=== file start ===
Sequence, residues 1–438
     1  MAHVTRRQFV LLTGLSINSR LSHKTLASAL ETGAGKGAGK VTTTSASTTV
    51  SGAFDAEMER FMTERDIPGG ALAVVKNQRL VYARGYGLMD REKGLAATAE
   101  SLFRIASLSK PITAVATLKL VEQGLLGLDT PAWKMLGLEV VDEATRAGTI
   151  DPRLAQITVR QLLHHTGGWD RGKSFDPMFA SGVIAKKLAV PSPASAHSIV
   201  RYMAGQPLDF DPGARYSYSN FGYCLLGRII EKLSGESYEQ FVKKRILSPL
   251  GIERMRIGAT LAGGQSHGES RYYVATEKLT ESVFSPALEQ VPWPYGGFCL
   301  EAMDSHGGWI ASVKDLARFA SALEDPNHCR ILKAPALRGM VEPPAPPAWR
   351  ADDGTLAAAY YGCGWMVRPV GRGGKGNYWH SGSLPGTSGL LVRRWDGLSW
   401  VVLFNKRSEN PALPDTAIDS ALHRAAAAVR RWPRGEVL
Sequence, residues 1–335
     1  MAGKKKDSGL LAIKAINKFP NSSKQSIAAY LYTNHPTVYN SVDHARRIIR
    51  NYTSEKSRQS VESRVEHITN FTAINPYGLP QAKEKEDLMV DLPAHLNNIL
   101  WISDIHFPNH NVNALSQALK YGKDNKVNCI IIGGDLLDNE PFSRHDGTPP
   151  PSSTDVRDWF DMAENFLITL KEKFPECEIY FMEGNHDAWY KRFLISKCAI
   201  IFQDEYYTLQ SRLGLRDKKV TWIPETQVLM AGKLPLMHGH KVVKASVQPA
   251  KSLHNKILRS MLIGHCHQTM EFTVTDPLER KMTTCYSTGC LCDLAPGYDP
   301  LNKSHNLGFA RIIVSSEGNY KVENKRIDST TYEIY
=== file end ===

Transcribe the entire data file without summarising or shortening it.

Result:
Sequence, residues 1–438
     1  MAHVTRRQFV LLTGLSINSR LSHKTLASAL ETGAGKGAGK VTTTSASTTV
    51  SGAFDAEMER FMTERDIPGG ALAVVKNQRL VYARGYGLMD REKGLAATAE
   101  SLFRIASLSK PITAVATLKL VEQGLLGLDT PAWKMLGLEV VDEATRAGTI
   151  DPRLAQITVR QLLHHTGGWD RGKSFDPMFA SGVIAKKLAV PSPASAHSIV
   201  RYMAGQPLDF DPGARYSYSN FGYCLLGRII EKLSGESYEQ FVKKRILSPL
   251  GIERMRIGAT LAGGQSHGES RYYVATEKLT ESVFSPALEQ VPWPYGGFCL
   301  EAMDSHGGWI ASVKDLARFA SALEDPNHCR ILKAPALRGM VEPPAPPAWR
   351  ADDGTLAAAY YGCGWMVRPV GRGGKGNYWH SGSLPGTSGL LVRRWDGLSW
   401  VVLFNKRSEN PALPDTAIDS ALHRAAAAVR RWPRGEVL
Sequence, residues 1–335
     1  MAGKKKDSGL LAIKAINKFP NSSKQSIAAY LYTNHPTVYN SVDHARRIIR
    51  NYTSEKSRQS VESRVEHITN FTAINPYGLP QAKEKEDLMV DLPAHLNNIL
   101  WISDIHFPNH NVNALSQALK YGKDNKVNCI IIGGDLLDNE PFSRHDGTPP
   151  PSSTDVRDWF DMAENFLITL KEKFPECEIY FMEGNHDAWY KRFLISKCAI
   201  IFQDEYYTLQ SRLGLRDKKV TWIPETQVLM AGKLPLMHGH KVVKASVQPA
   251  KSLHNKILRS MLIGHCHQTM EFTVTDPLER KMTTCYSTGC LCDLAPGYDP
   301  LNKSHNLGFA RIIVSSEGNY KVENKRIDST TYEIY